There are several groups on Facebook. The one I contribute to is the Let’s Learn Scottish Gaelic group. The group has lots of links to learning resources allied to the chance to ask questions and start discussions. Like all groups it can be quiet at times, and there can be phases when conversation gets stuck at the Madainn mhath level. However, there are a few posters, such as me,  on there who are happy to dig deeper into the language, as well as helping others with their queries. Overall it’s a good group and something I would recommend you joining.

Any questions please don’t hesitate to ask – even questions on Gaelic grammar!

Thanks for reading.

Next Man Up

Dave MacKay (Pic. courtesy of Stirling Albion)

The latest incumbent of the proverbial “hot seat” at Forthbank has left the building following a truly toe-curling 3-0 defeat to Albion Rovers at Cliftonhill. The Wee Rovers had a single point and an extremely negative goal-difference pre-match, but that mattered not as they cantered to a three-goal victory against a thoroughly dis-spirited looking Stirling Albion side. This horror of this performance and result, allied to Stirling being on a run of 3 wins in 21 matches, saw things come to a head. Without much ceremony, an incredibly brief statement simply stated the obvious i.e. Goodbye Mr MacKay. Nobody was surprised, and reaction amongst Stirling fans has been fairly universal – there was no other decision to take.

Was a bit of a strange time under MacKay. He replaced the disastrous “project” that was Stuart McLaren and, really, things didn’t get much better. In his first full season, we started well and led the table after a dozen or so games. Unfortunately, the wheels kinda came off and despite a brief spurt to make the play-off spots we slumped again and only just hung on to achieve post-season action. However, we lost both legs to Peterhead in the semi-final and actually ended the season on a run of nine matches without a win. Moving on, an uninspired off-season, with a lack of anything remotely resembling a “marquee” signings, tempered expectations somewhat for the new campaign.

One win in four in the league-cup was then followed by two wins in eight in the league (plus defeat at Alloa in that nonsense tournament with the Welsh, Irish, English non-league sides). Worst of all was the manager’s continual bemusement after defeats. Time and again he just had no answers and you got the feeling that whatever happened next week would be down to luck more than judgement. Sadly for Dave that luck ran out for good at in Coatbridge.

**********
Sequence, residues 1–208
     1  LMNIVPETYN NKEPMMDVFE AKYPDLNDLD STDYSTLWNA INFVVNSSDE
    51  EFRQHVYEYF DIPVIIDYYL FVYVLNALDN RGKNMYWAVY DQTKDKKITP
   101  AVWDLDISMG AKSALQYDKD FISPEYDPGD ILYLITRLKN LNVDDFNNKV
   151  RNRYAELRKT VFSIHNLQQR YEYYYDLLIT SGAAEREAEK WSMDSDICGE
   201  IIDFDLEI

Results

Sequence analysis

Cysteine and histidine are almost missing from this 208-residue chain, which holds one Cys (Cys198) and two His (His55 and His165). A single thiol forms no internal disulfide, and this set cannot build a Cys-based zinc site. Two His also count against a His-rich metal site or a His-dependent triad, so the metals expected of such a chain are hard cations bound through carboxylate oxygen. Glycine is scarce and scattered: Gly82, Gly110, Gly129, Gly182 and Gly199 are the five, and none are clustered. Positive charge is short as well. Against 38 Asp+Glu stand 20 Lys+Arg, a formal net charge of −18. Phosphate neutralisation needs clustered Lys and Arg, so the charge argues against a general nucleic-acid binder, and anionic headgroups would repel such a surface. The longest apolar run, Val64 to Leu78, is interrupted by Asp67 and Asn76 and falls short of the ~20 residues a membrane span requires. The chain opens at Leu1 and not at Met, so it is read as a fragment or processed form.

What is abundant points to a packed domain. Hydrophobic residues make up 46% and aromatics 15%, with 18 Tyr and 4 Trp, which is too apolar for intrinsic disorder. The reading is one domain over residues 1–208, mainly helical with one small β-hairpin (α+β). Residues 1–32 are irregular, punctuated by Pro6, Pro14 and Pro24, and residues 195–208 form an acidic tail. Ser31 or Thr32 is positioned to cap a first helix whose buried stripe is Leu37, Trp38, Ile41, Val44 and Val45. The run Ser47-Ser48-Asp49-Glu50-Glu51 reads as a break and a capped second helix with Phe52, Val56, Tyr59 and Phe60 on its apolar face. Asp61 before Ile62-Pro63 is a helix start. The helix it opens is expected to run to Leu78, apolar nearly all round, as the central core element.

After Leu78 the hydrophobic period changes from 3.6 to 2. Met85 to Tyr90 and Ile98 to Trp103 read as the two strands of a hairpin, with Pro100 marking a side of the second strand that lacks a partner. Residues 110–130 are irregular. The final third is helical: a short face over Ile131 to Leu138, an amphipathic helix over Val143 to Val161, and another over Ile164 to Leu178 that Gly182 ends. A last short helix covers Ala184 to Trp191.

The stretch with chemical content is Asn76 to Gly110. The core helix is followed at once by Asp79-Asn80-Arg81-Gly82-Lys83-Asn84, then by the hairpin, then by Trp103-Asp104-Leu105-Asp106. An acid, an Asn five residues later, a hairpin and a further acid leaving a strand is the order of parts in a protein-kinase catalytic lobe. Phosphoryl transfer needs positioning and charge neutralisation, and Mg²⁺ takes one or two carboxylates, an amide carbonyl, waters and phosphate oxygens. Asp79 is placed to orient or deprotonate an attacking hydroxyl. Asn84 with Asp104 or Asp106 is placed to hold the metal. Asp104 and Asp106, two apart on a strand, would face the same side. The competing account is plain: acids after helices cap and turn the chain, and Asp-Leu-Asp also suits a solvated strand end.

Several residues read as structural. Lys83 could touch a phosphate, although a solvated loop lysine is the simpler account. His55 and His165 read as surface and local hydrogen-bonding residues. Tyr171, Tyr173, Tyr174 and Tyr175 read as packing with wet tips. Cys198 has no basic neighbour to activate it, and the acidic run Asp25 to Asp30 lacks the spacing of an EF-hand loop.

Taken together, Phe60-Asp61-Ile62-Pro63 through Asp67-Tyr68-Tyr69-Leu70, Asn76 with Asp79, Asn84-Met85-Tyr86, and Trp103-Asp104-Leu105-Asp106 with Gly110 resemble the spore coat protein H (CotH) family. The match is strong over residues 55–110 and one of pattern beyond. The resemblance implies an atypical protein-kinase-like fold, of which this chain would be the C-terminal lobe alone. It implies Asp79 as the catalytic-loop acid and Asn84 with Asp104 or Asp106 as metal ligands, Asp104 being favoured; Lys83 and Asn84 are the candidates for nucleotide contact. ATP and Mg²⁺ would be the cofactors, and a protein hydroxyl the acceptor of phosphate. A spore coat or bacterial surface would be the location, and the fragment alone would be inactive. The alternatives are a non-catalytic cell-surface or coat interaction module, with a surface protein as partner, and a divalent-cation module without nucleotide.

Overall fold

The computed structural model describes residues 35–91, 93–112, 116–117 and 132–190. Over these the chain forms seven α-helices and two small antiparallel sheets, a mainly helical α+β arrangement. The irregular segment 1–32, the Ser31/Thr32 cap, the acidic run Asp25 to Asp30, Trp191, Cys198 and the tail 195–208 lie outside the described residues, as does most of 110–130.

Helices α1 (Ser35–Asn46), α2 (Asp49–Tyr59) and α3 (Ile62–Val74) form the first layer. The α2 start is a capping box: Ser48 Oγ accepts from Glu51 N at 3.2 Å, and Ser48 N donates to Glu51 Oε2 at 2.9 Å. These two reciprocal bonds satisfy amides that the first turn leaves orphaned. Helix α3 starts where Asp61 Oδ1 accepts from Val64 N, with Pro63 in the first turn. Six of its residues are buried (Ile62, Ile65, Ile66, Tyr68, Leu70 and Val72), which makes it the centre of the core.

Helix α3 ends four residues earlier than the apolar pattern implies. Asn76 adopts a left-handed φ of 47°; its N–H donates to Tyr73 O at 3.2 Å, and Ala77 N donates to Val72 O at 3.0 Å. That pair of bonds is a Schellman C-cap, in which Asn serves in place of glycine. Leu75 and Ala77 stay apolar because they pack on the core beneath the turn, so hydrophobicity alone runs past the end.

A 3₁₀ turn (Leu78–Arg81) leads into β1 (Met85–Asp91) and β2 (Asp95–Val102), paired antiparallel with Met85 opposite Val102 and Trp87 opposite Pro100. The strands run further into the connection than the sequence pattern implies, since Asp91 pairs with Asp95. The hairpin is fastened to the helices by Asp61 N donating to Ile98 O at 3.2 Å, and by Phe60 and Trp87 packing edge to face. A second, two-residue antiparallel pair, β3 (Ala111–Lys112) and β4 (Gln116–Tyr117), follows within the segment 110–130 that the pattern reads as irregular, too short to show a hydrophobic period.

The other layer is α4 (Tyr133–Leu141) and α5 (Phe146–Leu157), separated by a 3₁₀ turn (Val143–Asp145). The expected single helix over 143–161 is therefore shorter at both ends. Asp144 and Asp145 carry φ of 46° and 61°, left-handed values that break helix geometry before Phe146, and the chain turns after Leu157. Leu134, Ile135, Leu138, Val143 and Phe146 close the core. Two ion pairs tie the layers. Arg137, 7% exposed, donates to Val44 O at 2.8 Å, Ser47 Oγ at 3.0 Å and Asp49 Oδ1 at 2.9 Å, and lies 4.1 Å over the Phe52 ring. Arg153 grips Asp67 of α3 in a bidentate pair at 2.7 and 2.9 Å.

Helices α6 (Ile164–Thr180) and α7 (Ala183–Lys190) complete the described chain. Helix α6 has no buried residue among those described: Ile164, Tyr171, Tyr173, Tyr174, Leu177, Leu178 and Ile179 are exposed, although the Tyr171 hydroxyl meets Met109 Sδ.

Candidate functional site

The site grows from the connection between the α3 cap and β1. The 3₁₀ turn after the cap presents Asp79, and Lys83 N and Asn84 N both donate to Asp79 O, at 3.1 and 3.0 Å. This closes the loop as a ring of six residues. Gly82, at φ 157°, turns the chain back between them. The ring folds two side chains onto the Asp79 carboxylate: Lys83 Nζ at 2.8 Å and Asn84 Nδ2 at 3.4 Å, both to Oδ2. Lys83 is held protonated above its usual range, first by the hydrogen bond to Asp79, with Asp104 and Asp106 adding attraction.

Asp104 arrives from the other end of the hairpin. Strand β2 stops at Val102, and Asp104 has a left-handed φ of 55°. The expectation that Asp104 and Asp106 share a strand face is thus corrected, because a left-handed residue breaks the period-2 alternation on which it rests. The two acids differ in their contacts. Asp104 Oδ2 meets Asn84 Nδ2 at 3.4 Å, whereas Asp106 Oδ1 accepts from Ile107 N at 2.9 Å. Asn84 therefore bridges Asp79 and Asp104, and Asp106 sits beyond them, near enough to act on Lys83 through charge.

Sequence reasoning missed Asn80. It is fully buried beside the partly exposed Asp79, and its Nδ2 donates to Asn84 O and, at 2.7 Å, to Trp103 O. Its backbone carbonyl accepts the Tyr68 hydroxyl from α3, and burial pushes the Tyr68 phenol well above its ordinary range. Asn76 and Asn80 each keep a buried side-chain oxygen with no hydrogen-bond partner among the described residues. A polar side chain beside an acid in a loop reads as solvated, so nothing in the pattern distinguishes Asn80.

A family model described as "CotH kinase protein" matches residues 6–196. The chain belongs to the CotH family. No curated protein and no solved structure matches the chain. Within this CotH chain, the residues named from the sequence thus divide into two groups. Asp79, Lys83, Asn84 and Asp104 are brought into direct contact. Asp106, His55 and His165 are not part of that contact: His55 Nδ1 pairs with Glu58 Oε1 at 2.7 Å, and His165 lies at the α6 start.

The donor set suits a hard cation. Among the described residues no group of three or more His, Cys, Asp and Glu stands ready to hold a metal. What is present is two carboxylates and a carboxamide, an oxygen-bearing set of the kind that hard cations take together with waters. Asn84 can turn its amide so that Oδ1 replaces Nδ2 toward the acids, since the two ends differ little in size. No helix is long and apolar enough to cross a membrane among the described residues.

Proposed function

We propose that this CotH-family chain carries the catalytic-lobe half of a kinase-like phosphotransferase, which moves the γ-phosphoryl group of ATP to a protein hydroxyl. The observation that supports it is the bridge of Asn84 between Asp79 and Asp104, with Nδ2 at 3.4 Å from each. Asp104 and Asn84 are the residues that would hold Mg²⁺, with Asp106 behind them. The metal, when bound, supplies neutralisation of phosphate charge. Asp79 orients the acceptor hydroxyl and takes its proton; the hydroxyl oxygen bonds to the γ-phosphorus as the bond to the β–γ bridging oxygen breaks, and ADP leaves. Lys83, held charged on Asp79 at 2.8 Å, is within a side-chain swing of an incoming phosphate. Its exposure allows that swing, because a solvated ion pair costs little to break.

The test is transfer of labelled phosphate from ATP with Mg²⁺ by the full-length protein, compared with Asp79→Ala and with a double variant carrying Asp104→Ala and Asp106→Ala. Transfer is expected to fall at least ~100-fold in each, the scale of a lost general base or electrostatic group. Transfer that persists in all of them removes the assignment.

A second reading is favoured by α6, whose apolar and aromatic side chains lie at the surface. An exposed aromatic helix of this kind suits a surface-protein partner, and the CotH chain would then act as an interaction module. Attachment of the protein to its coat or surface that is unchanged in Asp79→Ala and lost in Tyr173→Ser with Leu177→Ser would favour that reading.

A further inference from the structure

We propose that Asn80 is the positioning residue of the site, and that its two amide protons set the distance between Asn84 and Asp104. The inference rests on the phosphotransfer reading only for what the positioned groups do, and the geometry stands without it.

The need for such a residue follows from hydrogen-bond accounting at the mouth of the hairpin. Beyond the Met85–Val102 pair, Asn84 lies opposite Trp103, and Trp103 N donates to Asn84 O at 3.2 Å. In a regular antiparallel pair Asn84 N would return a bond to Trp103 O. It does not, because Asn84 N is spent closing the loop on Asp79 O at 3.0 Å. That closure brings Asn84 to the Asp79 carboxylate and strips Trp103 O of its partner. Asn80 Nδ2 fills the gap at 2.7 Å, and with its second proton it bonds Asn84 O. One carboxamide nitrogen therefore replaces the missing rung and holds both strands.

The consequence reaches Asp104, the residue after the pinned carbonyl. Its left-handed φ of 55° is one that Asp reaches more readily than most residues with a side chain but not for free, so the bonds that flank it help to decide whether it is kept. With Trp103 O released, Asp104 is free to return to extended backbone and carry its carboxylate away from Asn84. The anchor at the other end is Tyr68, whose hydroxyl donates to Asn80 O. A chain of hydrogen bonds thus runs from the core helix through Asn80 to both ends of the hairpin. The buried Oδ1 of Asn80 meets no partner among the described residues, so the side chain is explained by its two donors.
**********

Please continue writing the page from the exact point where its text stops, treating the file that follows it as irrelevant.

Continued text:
Who next? Well, time will tell. Whoever it is we need to finally find someone who can lead us out of the doldrums. For far too long we’ve drifted. For too long we’ve watched sides get promoted who we should be getting promoted ahead of. Stirling is a decent sized town and has the potential for so much more. Those who turn up to watch the side deserve so much more than has been delivered over the last few years.

‘Mon the Beanos and thanks for reading.

Daniel Thomas – AKA PeeWeeToms

A few months ago a vlog by a lad called Daniel Thomas appeared on my YouTube suggestions. Out of curiosity I clicked the link and began to listen to Daniel’s story. Dan, known affectionally as “PeeWeeToms” was suffering from a rare form of cancer called a Sarcoid Carcinoma. In layman’s terms it seems that people normally get one of these two types i.e. a sarcoma or a carcinoma. However, poor Dan was one of only 16 cases recorded world-wide to have both. I won’t go into the details of his condition as I’d probably get my facts wrong. The blog below was one of the first Dan published, and gives you an introduction into what he was going through.

In a nutshell, Dan had an incredibly rare terminal cancer. He was going to die, probably within months at most, and there was next to nothing medical science could do for him. However, Dan was an incredible fighter and he simply wouldn’t take no for an answer. Every avenue was explored. He’d be given hope only for the latest round of scans and tests to show that hope didn’t really exist. But undeterred Dan kept looking for answers. All the while his tumours became more prevalent and his body more infested by cancer. Nothing was stopping it.